A common sight for passengers flying into and out of Europe are the sprawling business parks found on the perimeter of many of the region's airports. Now, these parks are attracting increasing levels of attention, with international architects being brought in to design eye-catching structures and drab buildings being replaced by high-grade offices with retail and living spaces attached.

Two of the most high-profile examples of this are the Squaire at Frankfurt Airport, which houses the European headquarters for KPMG, and the business park at Amsterdam Airport Schiphol, home to tenants including Microsoft and agricultural and industrial products group Cargill.


Other European cities are taking note. In December 2013, plans for the Circle – a business park project at Zurich Airport – took an important step forward when a joint venture was signed between Zurich Airport (51%) and insurance company Swiss Life (49%). The backing of these two strong project sponsors will in turn help bring in bank debt.

The Circle is part of the effort to transform Zurich Airport from a pure transport hub to an attractive business destination. Hotel chain Hyatt has already signed a management agreement to run two hotels at the facility, which will also feature restaurants, retail and cultural spaces. A final decision to proceed will be made at the end of 2014, with a plan to open by 2018. Total project costs are estimated at about SFr1bn ($1.11bn).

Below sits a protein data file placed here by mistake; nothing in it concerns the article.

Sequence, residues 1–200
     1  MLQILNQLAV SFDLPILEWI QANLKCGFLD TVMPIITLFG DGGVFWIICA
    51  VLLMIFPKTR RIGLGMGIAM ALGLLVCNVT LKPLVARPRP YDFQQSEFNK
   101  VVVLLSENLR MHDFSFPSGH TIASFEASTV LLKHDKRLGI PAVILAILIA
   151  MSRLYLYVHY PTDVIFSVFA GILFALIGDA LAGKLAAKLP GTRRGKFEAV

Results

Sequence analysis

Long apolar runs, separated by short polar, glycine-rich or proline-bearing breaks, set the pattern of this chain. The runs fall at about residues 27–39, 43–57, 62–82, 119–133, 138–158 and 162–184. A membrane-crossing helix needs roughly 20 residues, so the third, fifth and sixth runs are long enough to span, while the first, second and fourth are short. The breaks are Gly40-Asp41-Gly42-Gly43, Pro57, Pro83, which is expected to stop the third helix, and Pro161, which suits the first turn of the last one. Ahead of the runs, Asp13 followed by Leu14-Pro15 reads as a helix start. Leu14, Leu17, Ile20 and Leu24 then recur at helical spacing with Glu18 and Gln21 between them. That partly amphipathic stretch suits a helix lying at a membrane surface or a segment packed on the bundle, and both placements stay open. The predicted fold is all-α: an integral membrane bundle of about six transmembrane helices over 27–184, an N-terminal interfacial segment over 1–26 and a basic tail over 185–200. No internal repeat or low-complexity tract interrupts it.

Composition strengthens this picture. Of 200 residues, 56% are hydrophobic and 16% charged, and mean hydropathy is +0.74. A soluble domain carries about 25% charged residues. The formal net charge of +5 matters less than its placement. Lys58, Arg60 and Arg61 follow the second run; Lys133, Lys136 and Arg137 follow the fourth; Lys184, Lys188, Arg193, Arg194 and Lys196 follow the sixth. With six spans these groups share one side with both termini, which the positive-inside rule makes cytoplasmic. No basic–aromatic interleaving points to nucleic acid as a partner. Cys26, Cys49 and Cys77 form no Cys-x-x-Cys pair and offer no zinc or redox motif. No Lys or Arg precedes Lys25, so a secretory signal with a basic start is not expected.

New work cities

According to Richard Florida, professor of business and creativity at the University of Toronto, the clustering of creative staff in cities, regions and neighbourhoods spurs innovation and competitiveness. He argues that in the age of globalisation, the fostering of innovation and competitiveness needs a new, higher velocity for moving goods, people and ideas. In this context, airport cities located in hubs such as Amsterdam, Brussels and Antwerp are gaining in importance.

“Simply put, the ability to move people who generate and share knowledge – the creative class – matters greatly in the creative age,” says Mr Florida. “In a world driven by mega-regions, connectivity matters more than ever before and successful companies understand this. We are already seeing companies organise their business operations and units around economic nodes rather than national borders."

At the March 2013 Mipim real estate fair in Cannes, the Squaire received the Mipim Award for best office and business development. The building was developed by airport owner Fraport and Germany-headquartered IVG Immobilien, which has its own portfolio of office buildings, in addition to constructing and managing assets for third parties. 

The Squaire was built on top of a long-distance railway station, which has Intercity Express high-speed connections to cities across Germany, including direct services to Cologne, Hamburg and Berlin. Designed by Frankfurt-based architect JSK International, The Squaire markets itself as a 'new work city'. It has pedestrian access into terminal one of Frankfurt Airport and houses two Hilton hotels, restaurants, fitness centres and a day-care centre, in addition to business and conference centres.

For Germany’s flagship airline Lufthansa, one of the Squaire’s anchor tenants, it is an obvious choice of location, but the presence of KPMG illustrates how high-grade office space linked to air and rail connections can be of benefit to highly mobile executives such as consultants. KPMG moved into the building in May 2011, and accounts for 40,000 square metres of office space and 2150 of the 7000 employees located there.